Thinkport Annotator Tool: A simple annotation tool with multiple highlighters

Image courtesy of Philippa Willitts

Image courtesy of Philippa Willitts

There are a fair number of ways to annotate a document with software or online tools, but Thinkport’s Annotation Tool is a simple, online tool that allows for teachers and students to markup and annotate a text using a number of coloured markers. The best part is it is free and students don’t need to give their personal information to use it. Here is how it works:

  1. Go to http://annotator.thinkport.org.
  2. Choose either Teacher or Student .Screen Shot 2014-05-19 at 2.47.44 PM
  3. Select either to Create a new project or Manage an existing project.
  4. If you create a new project, give your project a unique name and then type in a password for you to manage the project. If the name already exists, you will get an error and you will need to rename it.
  5. If you manage an existing project, you will be asked for the project name and password.
  6. Once you are successful in either creating or logging into a previous project, give your project a name, a subtitle (could be a simple one line instruction), the author of the text, and a citation. Screen Shot 2014-05-19 at 2.51.25 PM
  7. Type in or paste your text into the Text to Annotate box at the bottom of the page. There are some font, text, and pasting options in the toolbar at the top of the box. Screen Shot 2014-05-19 at 2.51.47 PM
  8. There are a series of highlighters along the left side of the page. Label the colours to match what you would like the students to use that colour for. Only the colours you label will be available for the students when they log in. Screen Shot 2014-05-19 at 2.51.36 PM
  9. At the top of the page, there is a Project Instructions button. You can use that to enter instructions for the students.
  10. Once you are done editing, click on the Save button. You can also choose to Save and Send Email, but I wouldn’t suggest it.
  11. Once you are ready to have students annotate the text, give them the main page link along with the project name.
  • Students who visit the main page, click on the Student button and then select Begin your assigned project. They can then enter the project name you have given them and create a new username and password for themselves. This can be used to log back in to edit the project at a later time.  Screen Shot 2014-05-19 at 3.01.25 PM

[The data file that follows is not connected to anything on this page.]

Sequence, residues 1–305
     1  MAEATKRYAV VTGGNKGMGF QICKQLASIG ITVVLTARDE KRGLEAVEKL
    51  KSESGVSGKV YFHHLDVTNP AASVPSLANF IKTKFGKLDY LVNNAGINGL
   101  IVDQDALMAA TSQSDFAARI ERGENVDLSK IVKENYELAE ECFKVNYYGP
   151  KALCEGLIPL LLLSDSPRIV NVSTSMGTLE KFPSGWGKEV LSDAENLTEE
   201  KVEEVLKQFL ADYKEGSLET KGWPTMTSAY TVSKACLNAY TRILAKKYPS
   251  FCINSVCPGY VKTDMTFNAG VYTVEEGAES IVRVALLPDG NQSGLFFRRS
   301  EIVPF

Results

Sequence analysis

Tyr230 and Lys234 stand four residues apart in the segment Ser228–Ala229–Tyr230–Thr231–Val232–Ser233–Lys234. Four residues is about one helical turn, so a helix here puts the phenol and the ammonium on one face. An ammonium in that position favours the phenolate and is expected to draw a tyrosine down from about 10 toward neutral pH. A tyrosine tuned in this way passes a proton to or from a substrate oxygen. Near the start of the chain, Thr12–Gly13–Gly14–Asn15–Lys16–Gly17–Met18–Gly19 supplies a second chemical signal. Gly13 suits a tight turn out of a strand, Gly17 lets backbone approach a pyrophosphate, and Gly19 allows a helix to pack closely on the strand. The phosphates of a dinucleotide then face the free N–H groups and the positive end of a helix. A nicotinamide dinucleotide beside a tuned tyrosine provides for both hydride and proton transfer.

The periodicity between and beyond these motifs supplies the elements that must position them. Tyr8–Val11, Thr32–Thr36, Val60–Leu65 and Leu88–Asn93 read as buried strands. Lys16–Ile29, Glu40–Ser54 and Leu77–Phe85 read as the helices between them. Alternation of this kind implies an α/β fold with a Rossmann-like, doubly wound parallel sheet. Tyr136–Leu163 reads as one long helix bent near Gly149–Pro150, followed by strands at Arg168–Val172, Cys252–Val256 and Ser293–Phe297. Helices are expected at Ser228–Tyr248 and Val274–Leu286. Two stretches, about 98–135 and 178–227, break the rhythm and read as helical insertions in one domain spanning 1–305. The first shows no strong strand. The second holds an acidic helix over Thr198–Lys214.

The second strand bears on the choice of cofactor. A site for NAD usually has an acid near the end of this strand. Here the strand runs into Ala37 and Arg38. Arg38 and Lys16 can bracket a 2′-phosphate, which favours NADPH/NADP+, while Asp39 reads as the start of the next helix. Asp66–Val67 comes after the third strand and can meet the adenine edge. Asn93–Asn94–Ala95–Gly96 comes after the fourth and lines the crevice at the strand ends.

• To highlight a word, students choose a colour and then just click on the word. You can’t click and drag lick other programs. If you want to highlight multiple words, you click on the first word and then click on the last word. Everything in-between will be highlighted in that colour.
  • Once you highlight something, a box will come up and give you a chance to label your annotation with text. Student can either just save the project to edit later, or can save and submit to the teacher for review.
  • The teacher can then log in and click on Student Submissions to review them and add comments. If you do add comments for the students, make sure to click on Save Comments before leaving the page. Screen Shot 2014-05-19 at 3.12.09 PM

While this isn’t the most comprehensive of the annotation tools I have used, it provides a safe place for students to use without having to give any personal information away (ex. email address). I also like the labels for the various colours. It’s also quite simple for students and teachers to use.

You can also find hundreds more webtools that don’t require student registration on my list here.

Let me know what you think and share your ideas for how you might use it in the classroom by adding your comments below. Thank you!

Recording directly to YouTube with your webcam

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This week, I have two students who have to miss class due to important meetings outside of the city. As a result, I am posting short summary videos on Edmodo for them along with the relevant material they may need to work on their own. I don’t want to spend a great deal of time recording, editing, and uploading my summaries since they are fairly short and informal, so I am using the My Webcam function of YouTube to record directly to YouTube without all of those other steps. Most people I have talked to don’t seem to know that it exists, so that prompted this short post. Here is how it works:

  1. Go to the My Webcam page of YouTube and log in if need be.
  2. The first time you go to this page, you will see an Adobe Flash message asking for access to your webcam and microphone. Click on ‘Allow’ and ‘Remember’ before click on ‘Close’. You won’t need to do this again.
  3. You will see a black box showing what your webcam sees. Click on the ‘Start recording’ button and it will start recording immediately.
  4. Along the side of the video, you will see a green bar moving up and down. This is your level indicator for the sound. Make sure it isn’t going too high or too low.
  5. Click ‘Stop recording’ when you are done. You can play back the recording by clicking on the play button. If you are happy, click on the ‘Upload’ button. If you want to do it again, click on ‘Start over’.
  6. Once you have click on the ‘Upload’ button, you will be taken to the info and settings page. Change the title name, add a description and tags, change the privacy setting to what is appropriate (I usually use ‘Unlisted’ since this takes it out of the search, but gives access to anyone I give the link to), choose a category, and click on ‘Save changes’.